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River Bovey

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Title: River Bovey  
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Subject: River Teign, River Ashburn, Bovey Tracey, Moretonhampstead, Devon
Collection: Dartmoor, Rivers of Devon
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River Bovey

River Bovey
River
The River Bovey passing over a ford, and under Hisley Bridge
Country England
County Devon
Tributaries
 - left Becka Brook, Wray Brook
Towns North Bovey; Manaton; Lustleigh; Bovey Tracey
Catchment of the River Bovey

The River Bovey rises on the eastern side of Dartmoor in Devon, England, and is the largest tributary to the River Teign. The river has two main source streams, both rising within a mile of each other, either side of the B3212 road between Moretonhampstead and Postbridge, before joining at Jurston.[1]

The river flows for about two miles northwards from source before turning to a generally south easterly direction. It passes the village of North Bovey, flows through the Lustleigh Cleave between the villages of Manaton and Lustleigh, and then through the town of Bovey Tracey. It joins the River Teign on the boundary between the parishes of Teigngrace and Kingsteignton, about a mile south of the village of Chudleigh Knighton.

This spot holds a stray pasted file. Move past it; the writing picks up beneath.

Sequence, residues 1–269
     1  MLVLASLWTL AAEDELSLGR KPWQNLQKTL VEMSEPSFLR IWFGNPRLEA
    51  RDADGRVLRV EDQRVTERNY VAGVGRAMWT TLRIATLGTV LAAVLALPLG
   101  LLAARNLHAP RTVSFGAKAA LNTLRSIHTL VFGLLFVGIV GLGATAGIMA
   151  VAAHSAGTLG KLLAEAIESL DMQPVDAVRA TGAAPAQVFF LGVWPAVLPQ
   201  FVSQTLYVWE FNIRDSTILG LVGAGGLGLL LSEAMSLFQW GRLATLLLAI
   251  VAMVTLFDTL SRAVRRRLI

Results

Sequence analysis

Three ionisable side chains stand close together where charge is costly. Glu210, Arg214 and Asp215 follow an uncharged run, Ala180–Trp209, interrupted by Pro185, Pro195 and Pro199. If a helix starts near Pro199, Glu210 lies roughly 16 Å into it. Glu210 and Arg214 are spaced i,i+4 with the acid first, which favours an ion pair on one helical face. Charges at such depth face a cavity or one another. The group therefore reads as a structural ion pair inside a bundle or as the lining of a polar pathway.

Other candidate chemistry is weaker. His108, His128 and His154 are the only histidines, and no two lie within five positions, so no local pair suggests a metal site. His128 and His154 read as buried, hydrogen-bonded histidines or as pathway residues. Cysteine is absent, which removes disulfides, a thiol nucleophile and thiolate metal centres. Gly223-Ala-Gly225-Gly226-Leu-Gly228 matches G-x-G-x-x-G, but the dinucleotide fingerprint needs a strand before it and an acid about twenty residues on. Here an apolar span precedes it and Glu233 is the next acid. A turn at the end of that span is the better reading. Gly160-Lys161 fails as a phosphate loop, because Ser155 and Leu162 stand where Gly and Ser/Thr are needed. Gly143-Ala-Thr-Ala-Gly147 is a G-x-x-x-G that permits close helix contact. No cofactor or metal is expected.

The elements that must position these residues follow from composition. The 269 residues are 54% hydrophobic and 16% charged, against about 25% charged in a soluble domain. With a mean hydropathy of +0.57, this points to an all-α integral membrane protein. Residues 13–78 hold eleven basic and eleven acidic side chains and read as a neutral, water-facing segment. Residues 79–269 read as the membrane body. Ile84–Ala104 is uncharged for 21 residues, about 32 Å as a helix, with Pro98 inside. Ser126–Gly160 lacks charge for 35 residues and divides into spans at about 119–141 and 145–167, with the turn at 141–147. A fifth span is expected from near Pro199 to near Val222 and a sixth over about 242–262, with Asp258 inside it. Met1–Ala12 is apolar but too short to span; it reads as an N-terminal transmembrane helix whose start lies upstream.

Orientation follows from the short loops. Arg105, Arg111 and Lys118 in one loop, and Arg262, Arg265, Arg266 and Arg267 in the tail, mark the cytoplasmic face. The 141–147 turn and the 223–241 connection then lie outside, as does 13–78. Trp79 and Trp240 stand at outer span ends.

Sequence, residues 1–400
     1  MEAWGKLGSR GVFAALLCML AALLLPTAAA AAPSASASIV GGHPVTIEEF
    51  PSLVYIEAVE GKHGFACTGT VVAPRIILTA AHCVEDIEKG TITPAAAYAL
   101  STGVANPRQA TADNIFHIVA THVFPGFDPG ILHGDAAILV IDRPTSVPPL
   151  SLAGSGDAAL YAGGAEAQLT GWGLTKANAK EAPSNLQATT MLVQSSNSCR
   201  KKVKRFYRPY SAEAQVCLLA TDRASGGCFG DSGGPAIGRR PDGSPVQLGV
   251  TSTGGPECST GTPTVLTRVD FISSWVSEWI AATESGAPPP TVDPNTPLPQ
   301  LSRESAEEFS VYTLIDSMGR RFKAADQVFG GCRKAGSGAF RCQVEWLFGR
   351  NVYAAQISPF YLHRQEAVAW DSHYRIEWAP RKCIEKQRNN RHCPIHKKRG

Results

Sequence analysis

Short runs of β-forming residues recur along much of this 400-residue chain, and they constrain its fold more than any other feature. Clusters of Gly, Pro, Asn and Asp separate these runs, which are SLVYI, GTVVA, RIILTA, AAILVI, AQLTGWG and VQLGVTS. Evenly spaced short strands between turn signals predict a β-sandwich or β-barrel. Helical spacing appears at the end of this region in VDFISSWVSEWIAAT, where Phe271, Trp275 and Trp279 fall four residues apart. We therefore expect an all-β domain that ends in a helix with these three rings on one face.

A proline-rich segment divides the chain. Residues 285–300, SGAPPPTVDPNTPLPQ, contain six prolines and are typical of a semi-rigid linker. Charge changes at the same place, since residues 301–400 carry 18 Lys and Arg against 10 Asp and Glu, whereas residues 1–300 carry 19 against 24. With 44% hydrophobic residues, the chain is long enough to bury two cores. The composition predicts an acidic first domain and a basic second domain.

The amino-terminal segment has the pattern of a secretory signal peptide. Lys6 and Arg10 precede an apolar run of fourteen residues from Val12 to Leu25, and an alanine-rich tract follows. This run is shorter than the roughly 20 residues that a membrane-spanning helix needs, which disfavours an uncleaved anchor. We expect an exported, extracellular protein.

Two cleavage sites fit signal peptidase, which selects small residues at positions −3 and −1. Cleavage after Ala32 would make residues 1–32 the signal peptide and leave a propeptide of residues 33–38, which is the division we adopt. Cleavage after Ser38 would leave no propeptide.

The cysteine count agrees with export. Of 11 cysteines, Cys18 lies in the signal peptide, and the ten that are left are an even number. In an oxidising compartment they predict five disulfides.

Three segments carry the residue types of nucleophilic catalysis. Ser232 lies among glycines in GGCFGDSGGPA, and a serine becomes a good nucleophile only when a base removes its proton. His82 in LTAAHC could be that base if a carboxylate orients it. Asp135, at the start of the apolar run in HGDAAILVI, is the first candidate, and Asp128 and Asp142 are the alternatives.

Contents

  • Catchment 1
  • Tributaries 2
  • Naming influence 3
  • External links 4
  • References 5

Catchment

The catchment of the river runs to the West at Chagford Common, past Hookney Tor, and the road from Fordgate to Hound Tor. To the South, the watershed is with the River Lemon and runs from Hemsworthy Gate to Haytor Rocks, past Brimley and to the North of Stover Country Park.

The Eastern boundary runs between Chudleigh Knighton to Doccombe, and in the North, is runs in a line from just outside Moretonhampstead to Meldon Hill, South of Chagford.

Tributaries

There are two main tributaries, one being the Becka Brook, rising near Hound Tor, flowing through Becky Falls, and joining the Bovey just below Trendlebere Down. The second is the Wray Brook which starts North of Moretonhampstead, and joins the Bovey to the South of Lustleigh.

Naming influence

The river gives its name to the Bovey Formation, a geological sedimentary basin which is the major source in England for ball clay.

The towns of North Bovey and Bovey Tracey both take their name from the river, as does Bovey Castle, a luxury hotel close to the river outside North Bovey.

External links

Environment Agency monitoring of River Bovey level

References

  1. ^ "Bovey Valley". The Teign Catchment. 


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